This was the post prepped for this last Tuesday. I hope you have taken the time to look into another person's situation and learned some things.
Here's some strategy for those of you wondering how to keep from spending all of your evenings grinding out the wins like some Blackjack junkie convinced you'll eventually hit a run.
If you look at what I sell, it's basically a list of everything in the game. Of course, I could tell anyone to make X, post X, and pray they make a decent return. I'll leave that for the people dispensing bad advice and the crowds of people thrilled they've got 10k gold in their pockets for the first time ever. I deal in millions, not thousands; my time is worth more than to sit around playing leap frog with people who haven't got the slightest clue what modeling a well run virtual business is about, and worse have no concept of efficiency and time management. These are your competitors, and hopefully since you're reading this stuff - not you.
If you've ever sold anything a day in your life, the first thing you learn is "who is my market?" and "why would they buy?" In WoW gold making, your life is merely a series of 7 day events that go from Tuesday through the following Monday, and in between you monitor your activity. At least you should be. Without telling you exactly what I post on certain days, I think it's MOST important that you have the frame of mind during the week. You should know what is going on each day of the week, and make market entries and market retreats based on this information. That's if you want to maximize your efficiency and go do other things besides hang out at the AH all day.
I like to think of it as "having my server clocked". I know what's popular on each and every single day, and who I should be appealing to. Each server is different, but they all tend to have similar life cycles. So think critically... What should I be selling? Who is my market?
Tuesday - This is the reset day for US servers. If you're playing EU, just add a day here. On Tuesday, everyone's valor is reset, LFRs/Raid IDs reset, and people can begin collecting more Conquest points. This is generally always my biggest profit day of the week since demand on this day skyrockets to what will be the all time high for the week. You should be monitoring exactly what guilds are progressing on, what new items will be available with respect to their slots. Macroeconomics day. On this day, you want to focus on what will enhance the pieces people will be retaining. PvPers especially go hogwild on Tuesdays, since they generally will hit their cap for the week and make a purchase decision on this day, especially those saving for weapons.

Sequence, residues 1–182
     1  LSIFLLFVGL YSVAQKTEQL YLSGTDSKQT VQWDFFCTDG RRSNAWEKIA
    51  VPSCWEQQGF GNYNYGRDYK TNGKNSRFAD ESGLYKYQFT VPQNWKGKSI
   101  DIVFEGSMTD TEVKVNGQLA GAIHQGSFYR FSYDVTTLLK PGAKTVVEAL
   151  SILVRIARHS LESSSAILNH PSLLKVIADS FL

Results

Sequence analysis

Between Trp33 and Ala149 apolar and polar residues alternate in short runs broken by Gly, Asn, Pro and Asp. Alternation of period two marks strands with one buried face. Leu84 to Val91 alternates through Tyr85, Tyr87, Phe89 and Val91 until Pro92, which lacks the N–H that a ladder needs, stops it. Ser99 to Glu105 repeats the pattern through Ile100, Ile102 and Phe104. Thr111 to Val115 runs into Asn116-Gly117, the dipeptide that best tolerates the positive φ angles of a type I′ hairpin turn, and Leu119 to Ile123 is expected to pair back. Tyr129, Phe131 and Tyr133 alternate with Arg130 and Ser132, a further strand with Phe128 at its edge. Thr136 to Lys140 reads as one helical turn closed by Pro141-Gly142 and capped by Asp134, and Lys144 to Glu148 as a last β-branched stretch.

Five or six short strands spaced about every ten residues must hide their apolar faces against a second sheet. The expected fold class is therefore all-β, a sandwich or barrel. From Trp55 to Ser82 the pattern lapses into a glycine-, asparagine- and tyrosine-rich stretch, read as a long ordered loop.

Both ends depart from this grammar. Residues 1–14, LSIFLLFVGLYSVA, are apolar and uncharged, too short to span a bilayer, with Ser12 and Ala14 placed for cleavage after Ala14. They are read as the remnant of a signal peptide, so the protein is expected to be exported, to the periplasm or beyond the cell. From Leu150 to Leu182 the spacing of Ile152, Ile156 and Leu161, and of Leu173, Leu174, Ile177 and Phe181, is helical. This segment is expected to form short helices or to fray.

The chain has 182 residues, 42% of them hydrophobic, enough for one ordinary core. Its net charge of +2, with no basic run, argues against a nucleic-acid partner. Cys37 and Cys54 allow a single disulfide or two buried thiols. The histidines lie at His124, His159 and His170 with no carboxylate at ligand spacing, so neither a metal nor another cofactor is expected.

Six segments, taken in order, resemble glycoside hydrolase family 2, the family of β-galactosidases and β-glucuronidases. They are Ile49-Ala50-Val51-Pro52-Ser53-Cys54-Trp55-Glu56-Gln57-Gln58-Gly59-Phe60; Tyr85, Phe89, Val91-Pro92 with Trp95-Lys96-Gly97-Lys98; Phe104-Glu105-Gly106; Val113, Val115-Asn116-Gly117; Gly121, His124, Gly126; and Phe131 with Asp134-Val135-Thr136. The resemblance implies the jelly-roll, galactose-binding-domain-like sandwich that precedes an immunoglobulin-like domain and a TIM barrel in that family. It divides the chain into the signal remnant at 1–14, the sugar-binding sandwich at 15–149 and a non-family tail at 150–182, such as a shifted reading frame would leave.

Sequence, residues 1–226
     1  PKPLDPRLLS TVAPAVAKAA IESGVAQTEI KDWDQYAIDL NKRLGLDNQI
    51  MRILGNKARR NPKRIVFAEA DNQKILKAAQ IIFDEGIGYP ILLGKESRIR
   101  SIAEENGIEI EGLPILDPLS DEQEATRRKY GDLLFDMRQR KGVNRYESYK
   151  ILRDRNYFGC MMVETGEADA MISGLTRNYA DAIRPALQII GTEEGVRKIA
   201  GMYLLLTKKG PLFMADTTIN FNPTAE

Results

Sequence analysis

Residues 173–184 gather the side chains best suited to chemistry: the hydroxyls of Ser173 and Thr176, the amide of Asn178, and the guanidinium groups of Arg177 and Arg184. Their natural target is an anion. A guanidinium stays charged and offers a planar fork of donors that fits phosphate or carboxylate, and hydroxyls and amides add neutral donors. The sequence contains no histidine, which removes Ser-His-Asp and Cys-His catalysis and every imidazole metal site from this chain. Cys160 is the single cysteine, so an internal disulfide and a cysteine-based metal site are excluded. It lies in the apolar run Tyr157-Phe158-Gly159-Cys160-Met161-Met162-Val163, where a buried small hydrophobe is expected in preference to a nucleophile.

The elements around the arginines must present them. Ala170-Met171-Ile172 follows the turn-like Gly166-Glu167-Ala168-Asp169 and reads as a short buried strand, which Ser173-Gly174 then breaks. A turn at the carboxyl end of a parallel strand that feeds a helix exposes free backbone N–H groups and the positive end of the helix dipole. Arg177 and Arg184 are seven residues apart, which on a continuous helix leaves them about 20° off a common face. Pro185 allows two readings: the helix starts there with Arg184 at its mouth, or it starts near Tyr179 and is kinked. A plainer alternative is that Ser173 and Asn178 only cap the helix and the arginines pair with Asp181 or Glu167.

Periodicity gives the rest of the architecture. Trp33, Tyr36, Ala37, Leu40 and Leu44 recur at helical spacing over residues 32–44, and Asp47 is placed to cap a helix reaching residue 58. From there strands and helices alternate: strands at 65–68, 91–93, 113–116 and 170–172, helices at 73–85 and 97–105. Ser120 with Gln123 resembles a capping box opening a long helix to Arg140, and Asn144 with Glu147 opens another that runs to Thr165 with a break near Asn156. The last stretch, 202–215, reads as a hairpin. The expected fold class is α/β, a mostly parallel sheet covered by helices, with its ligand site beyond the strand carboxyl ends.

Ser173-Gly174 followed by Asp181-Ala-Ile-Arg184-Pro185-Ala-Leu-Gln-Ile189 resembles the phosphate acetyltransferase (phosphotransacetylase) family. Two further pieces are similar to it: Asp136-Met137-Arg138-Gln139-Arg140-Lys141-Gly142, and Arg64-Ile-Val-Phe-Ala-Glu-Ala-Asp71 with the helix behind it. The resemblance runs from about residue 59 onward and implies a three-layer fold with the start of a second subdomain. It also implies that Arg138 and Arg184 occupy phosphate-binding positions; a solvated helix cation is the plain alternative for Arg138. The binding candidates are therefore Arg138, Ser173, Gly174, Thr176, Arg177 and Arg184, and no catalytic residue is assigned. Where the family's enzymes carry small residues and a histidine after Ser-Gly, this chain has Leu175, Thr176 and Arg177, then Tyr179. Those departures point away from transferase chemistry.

Wednesday - Or Tuesday Lite, as I sometimes refer to it. You should still see heavy action like Tuesday, as most progression guilds begin hitting their progression fights. Generally those doing LFR hit the last half of their grind tonight. When it comes to gear collection, the first two days of the week are always going to be mains, and people spend the most gold on mains.
Thursday - Now the week starts to peter off. Raiding guilds start hitting bosses they can't down yet, PvPers are still active but not so much in the buying side (they're usually going for rating before the weekend and not so much for points), and those not raiding begin playing their alts again. Prices drastically start to return to earth on everything enchanting or gem related and it's probably time I retreat from this market.
Friday through Monday - Alts. Thousands of alts awaken from their weekday slumber to start looking for minor upgrades. They're looking to level easier, or they've just hit 90 and want to look into getting into LFR as fast as possible. Or they want to begin grinding honor points in battlegrounds and aren't interested in being the typical baddie getting 2 shot by rogues. Many casual guilds finish their progression raiding for the week. Some are even looking to improve the pieces that they've retained, but I wouldn't go overboard and post for a measly 5% profit. Close price analysis and setting your mods accordingly will prevent you from taking losses at this time.
Does any of this look foreign to you? I hope it doesn't, it's common sense. But like I told a coworker of mine this last week - Common sense is actually uncommon. Sometimes a person needs to have the obvious pointed out to them.
During the week, I have certain price points for all of my pieces of gear. Some items I post every single day of the week, some I only post one or two days. It really depends on profit opportunity. BOEs tend to sell better on some days, so I don't have those set up in any group and post using Auctioneer. Many items I specifically place on different banks that are weekend specific posters. During the weekdays, they never get logged into.